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In the thirty-seventh chapter of Shirley, Charlotte Bronte applies this passage to Napoleon's final campaign in Russia, in 1812: 'This summer, Bonaparte is in the saddle: he and his host scour Russian deserts.... He marches on old Moscow: under old Moscow's walls, the rude Cossack waits him. Barbarian stoic! he waits without fear of the boundless ruin rolling on. He puts his trust in a Snow-cloud; the Wilderness, the Wind, and the Hail-storm are his refuge; his allies are the elements Air, Fire, Water. And what are these? Three terrible archangels ever stationed before the throne of Jehovah. They stand clothed in white, girdled with golden girdles; they uplift vials, brimming with the wrath of God. Their time is the day of vengeance; their signal the word of the Lord of hosts.'
Hugh Miller, in the second chapter of My Schools and Schoolmasters, describes the tales told by his uncle Alexander, who had served in the navy under Nelson, Duncan, and Sir Ralph Abercromby. Late in life, when the old warrior had been reading Keith's Signs of the Times, and when 'he came to the chapter in which that excellent writer describes the time of hot naval warfare which immediately followed the breaking out of war, as the period in which the second vial was poured out on the sea, and in which the waters became as the blood of a dead man, so that every living soul died in the sea, I saw him bend his head in reverence as he remarked, "Prophecy, I find, gives to all our glories but a single verse, and it is a verse of judgment!"'
The blood of man should never be shed but to redeem the blood of man. It is well shed for our family, for our friends, for our God, for our country, for our kind. The rest is vanity; the rest is crime.
Reference. XVI. 6. E. M. Geldart, Echoes of Truth, p. 283.
Whiting to Sir Charles Bunbury in 1870 upon the Franco-Prussian war, Charles Kingsley declared: 'There can be no doubt that the French programme of this war was to disunite Germany once more, and to make her weak and at the mercy of France.... The emperor fancied that after deceiving the French people after governing them by men who were chosen because they could and dared deceive, that these minions of his, chosen for their untruthfulness, would be true, forsooth, to him alone; that they would exhibit, unknown, in a secret government, virtues of honesty, economy, fidelity, patriotism, which they were forbidden to exercise in public, where their only function was to nail up the hand of the weather-glass, in order to ensure fine weather, as they are doing to this day in every telegram. So he is justly punished, and God's judgments are, as always, righteous and true.'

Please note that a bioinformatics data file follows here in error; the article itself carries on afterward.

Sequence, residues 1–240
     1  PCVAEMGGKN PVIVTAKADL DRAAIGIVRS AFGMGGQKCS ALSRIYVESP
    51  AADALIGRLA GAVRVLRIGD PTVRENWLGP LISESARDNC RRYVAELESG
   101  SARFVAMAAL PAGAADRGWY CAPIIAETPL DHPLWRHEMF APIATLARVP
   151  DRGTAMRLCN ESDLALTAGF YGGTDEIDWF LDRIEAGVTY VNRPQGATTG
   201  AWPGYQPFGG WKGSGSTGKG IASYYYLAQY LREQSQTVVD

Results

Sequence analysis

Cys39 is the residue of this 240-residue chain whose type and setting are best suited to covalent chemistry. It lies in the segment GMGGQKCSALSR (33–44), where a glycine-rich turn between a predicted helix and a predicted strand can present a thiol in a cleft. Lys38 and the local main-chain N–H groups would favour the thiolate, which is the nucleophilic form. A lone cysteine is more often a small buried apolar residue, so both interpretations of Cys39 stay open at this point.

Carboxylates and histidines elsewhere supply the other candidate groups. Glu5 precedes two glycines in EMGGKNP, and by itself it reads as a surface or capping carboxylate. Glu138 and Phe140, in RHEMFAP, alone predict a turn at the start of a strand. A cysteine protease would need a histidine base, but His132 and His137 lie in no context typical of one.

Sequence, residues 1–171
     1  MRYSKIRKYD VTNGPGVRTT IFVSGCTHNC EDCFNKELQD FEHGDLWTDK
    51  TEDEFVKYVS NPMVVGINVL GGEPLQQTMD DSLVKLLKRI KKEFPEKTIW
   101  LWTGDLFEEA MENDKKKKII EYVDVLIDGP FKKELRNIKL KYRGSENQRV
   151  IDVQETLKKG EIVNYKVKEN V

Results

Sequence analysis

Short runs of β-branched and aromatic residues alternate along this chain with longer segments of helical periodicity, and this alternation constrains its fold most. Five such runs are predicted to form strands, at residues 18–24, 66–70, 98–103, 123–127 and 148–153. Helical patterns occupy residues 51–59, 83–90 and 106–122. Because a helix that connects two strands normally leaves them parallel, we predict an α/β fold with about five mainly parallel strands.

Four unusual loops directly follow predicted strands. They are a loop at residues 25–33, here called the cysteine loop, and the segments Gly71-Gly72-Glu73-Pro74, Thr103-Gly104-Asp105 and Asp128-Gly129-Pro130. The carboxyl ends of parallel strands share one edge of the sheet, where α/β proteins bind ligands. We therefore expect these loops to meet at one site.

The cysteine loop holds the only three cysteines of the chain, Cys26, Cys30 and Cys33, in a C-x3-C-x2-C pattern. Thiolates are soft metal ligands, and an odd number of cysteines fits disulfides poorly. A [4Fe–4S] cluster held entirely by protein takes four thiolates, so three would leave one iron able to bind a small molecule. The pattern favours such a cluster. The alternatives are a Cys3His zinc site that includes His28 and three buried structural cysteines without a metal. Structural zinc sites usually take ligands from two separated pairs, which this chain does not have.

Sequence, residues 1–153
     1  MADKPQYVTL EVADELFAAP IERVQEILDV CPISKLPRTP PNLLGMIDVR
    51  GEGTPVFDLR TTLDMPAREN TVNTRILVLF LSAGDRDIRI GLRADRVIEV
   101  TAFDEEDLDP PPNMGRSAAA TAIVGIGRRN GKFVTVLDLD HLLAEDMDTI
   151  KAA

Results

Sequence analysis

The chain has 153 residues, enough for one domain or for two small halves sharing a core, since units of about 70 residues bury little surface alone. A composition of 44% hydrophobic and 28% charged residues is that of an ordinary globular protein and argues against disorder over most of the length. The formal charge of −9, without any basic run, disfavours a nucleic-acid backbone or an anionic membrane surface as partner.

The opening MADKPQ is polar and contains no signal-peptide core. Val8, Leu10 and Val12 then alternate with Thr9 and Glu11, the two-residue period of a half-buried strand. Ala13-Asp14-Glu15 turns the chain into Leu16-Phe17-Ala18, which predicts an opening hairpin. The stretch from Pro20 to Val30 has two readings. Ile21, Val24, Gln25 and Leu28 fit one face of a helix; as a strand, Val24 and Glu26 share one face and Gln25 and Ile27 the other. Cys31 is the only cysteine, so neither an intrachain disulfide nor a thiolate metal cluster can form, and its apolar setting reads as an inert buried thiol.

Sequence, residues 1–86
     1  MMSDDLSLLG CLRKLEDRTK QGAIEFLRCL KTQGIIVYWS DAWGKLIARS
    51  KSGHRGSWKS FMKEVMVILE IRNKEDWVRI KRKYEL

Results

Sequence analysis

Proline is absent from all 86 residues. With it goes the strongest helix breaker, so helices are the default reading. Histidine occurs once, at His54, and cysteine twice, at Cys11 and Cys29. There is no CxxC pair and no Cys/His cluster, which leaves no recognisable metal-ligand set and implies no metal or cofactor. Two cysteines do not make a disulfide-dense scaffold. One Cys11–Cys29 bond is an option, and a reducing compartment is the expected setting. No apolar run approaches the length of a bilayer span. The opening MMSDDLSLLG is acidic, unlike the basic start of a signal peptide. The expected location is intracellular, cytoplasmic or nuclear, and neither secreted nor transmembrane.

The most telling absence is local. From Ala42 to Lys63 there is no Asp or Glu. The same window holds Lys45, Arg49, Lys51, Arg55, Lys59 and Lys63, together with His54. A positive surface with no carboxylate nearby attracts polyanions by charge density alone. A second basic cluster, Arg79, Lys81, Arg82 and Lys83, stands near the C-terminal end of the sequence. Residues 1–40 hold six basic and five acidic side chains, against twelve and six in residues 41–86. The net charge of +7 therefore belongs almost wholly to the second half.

Reference. XVI. 9. Spurgeon, Sermons, vol. xxxiv. No. 2064.
What was it that filled the ears of the prophets of old but the distant tread of foreign armies, coming to do the work of justice.
George Eliot, in Romola.
It would be foreign to our purpose to enter into the controversy as to the precise location of Armageddon. Place is neither here nor there. The important point is, that there is to be ultimately somewhere a great decisive conflict between the powers of good and evil; the outcome of which will be the complete overthrow of the Prince of Darkness, and the undisputed reign of our Lord and Saviour Jesus Christ. It will be profitable to mark the manifestations of evil in these last days, and then on the other hand to observe some of the sure tokens of the triumph of Christ.
I. The Manifestations of Evil. (1) Let us note at the outset the aggravated forms of Avarice which prevail in these days. The scramble for wealth is universal with all its attending selfishness and brutality. (2) Observe also the defiant front of Intemperance in our time. It is the enemy of our home life, our social life, our political life. (3) As to sensuality. (4) Another of the current forms of malignant evil is Bibliophobia, or hatred of the Scriptures as the Word of God. This is the fashionable form of infidelity. (5) Sabbath desecration. (6) As to persecution. (7) War.
II. Observe Some of the Sure Tokens of the Triumph of Christ. (1) The Scriptures as Divine truth have a deeper hold than ever on the hearts of Christian people. The old Book is cherished as it never was cherished before; is studied more earnestly; is believed in more cordially. 'The Word of the Lord is tried.' It has been vindicated, triumphantly vindicated, as a true volume from beginning to end. (2) Christ is served in His Church more loyally and effectively than ever. We are approaching a realisation of the dream of Wesley. 'All at it, always at it, altogether at it' (3) The personality and power of the Holy Ghost are recognised in the Church as never before.
D. J. Burrell, The Gospel of Certainty, p. 217.
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Nicoll, William Robertson, M.A., L.L.D. "Commentary on Revelation 16". Expositor's Dictionary of Text. https://www.studylight.org/
the Week of Proper 21 / Ordinary 26